In Europe, Tillerson carries on but with diminished standing
U.S. Secretary of State Rex Tillerson arrives at the US Embassy in Brussels on Tuesday, Dec. 5, 2017.
What do you do when you're America's top diplomat, fourth in line to the presidency, and the White House makes it publicly known you're living on borrowed time? If you're Secretary of State Rex Tillerson, you brush it off, pack a suitcase and hop a flight to Europe, as if nothing had happened.
On the surface, at least, Tillerson carried on in ordinary fashion Tuesday on his first day in the Belgian capital, stoically sauntering from meeting to meeting in his characteristically subdued style. He praised President Donald Trump repeatedly for holding Iran to account and demanding equal contributions from NATO allies, even as he acknowledged getting "a little criticism" over his management of his agency.
"The State Department is not missing a beat," Tillerson told American diplomats at the U.S. Embassy.
Arriving at NATO headquarters for a gathering of foreign ministers, Tillerson ignored a shouted question from a journalist about whether he was confident he still spoke for the president.
Tillerson's tenuous future in the Trump administration has followed him to Europe days after the White House signaled he might be fired — possibly soon. White House officials told multiple news organizations last week a plan was afoot to replace Tillerson with CIA Director Mike Pompeo, a humiliating disclosure that cast a dark shadow over the secretary as he tries to sell Trump's policies to the rest of the world.
Even though Tillerson brushed it off as "laughable" and Trump tweeted it was "FAKE NEWS," the damage to Tillerson's standing had been done.
In Belgium, Austria and France, Tillerson is contending with European officials who now have more reason than ever to question whether he still carries the president's confidence, how much credence to give his policies, and if he'll remain long enough to see them through. For foreign governments, it has created even more uncertainty over dealing with a mercurial administration in which the only voice that seems to matter is that of Trump himself.
There were signs that at least some of those leaders were keeping him at a distance. Federica Mogherini, the European Union's foreign policy chief, spent three hours in meetings with Tillerson before using the occasion to air major European grievances with the United States.
"I don't think you want a list of issues on which our positions are different," Mogherini told reporters. But then she offered one anyway: The Iran nuclear deal, climate change, Mideast peace and multilateralism at the U.N.
Mogherini subtly urged the Trump administration to avoid undermining future Mideast peace talks by declaring Jerusalem the capital of Israel, as Trump has been considering. She took particular issue with Trump's campaign to alter the Iran deal brokered by the EU, the U.S. and world powers.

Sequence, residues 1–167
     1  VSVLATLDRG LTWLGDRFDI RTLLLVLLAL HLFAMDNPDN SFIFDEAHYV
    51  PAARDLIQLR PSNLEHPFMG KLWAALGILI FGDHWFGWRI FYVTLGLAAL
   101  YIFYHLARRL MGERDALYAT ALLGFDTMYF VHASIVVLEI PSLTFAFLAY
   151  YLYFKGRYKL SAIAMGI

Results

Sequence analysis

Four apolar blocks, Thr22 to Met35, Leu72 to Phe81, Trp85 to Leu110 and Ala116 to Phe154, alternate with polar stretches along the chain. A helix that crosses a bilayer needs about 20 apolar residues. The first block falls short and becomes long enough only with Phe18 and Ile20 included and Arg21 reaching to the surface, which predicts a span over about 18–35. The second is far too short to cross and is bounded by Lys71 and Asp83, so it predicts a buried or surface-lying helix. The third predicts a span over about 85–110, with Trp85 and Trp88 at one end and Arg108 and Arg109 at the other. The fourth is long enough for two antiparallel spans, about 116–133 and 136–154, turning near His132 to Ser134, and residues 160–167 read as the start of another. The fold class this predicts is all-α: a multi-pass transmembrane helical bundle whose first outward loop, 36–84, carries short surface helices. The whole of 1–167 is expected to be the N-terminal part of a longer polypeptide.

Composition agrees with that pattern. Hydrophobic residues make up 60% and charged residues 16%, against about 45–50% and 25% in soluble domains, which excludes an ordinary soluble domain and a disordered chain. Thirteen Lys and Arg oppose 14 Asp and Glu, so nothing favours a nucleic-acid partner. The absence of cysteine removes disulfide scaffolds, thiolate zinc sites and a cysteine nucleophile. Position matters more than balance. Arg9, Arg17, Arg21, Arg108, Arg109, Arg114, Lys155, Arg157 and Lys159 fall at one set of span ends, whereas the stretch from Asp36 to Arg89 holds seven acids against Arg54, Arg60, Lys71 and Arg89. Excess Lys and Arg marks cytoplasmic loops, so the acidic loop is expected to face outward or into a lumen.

"The message was heard, I think, loud and clear in Washington," Mogherini said.
It was difficult to tell whether the chilly reception was a consequence of Tillerson's diminished standing or broader, growing European distaste for his boss's agenda. His senior adviser, R.C. Hammond, acknowledged that Tillerson's fellow diplomats had not held their tongues.
"Allies have been very frank today in sharing some of their views," Hammond said. "Dialogues only work if they go two ways."
Tillerson, for his part, said all the right things: He affirmed the "ironclad" U.S. commitment to NATO's collective defense, and praised the Europeans effusively for their help pressuring North Korea over its nuclear program.
At the embassy, though, Tillerson was in clear damage-control mode, owing largely to his planned overhaul of the State Department that is deeply unpopular among the American diplomatic corps. He downplayed concerns about rampant vacancies in ambassadorships and other key posts — including, in Brussels, no U.S. ambassadors to either Belgium or the European Union.
Tillerson said his "redesign" of the State Department was moving into its final phase, sure to show positive results soon.
"While we don't have any wins on the board yet, I can tell you we are much better positioned to advance America's interest around the world than we were 10 months ago," Tillerson said.
Yet Tillerson's uncertain footing in the administration loomed awkwardly over his trip, which will take him later in the week to Vienna and then to Paris.
Though Trump insisted on Twitter that he and Tillerson "work well together," he allowed news stories about Tillerson's impending demise to percolate for more than 24 hours before pushing back. Trump's spokeswoman didn't explicitly dispute that a plan had been hatched to replace Tillerson. Nor did she declare outright Trump's confidence in the former Exxon Mobil CEO.
In Trump's Washington, such is often the way. "Trial balloons" are floated in the press, and competing factions swipe and snipe from behind a cloak of anonymity. It's left to Americans at home to try to discern whether it's happening against the president's wishes or at his direct behest.
Republican Sen. Bob Corker, the Senate Foreign Relations Committee chairman and a Tillerson ally, said it's clear someone has sought to undermine Tillerson.
"I don't know who that is," Corker said after word emerged of the White House plan. "I know he's taken on some tough issues like the reform of the State Department. I know it hasn't gone in a spectacular way."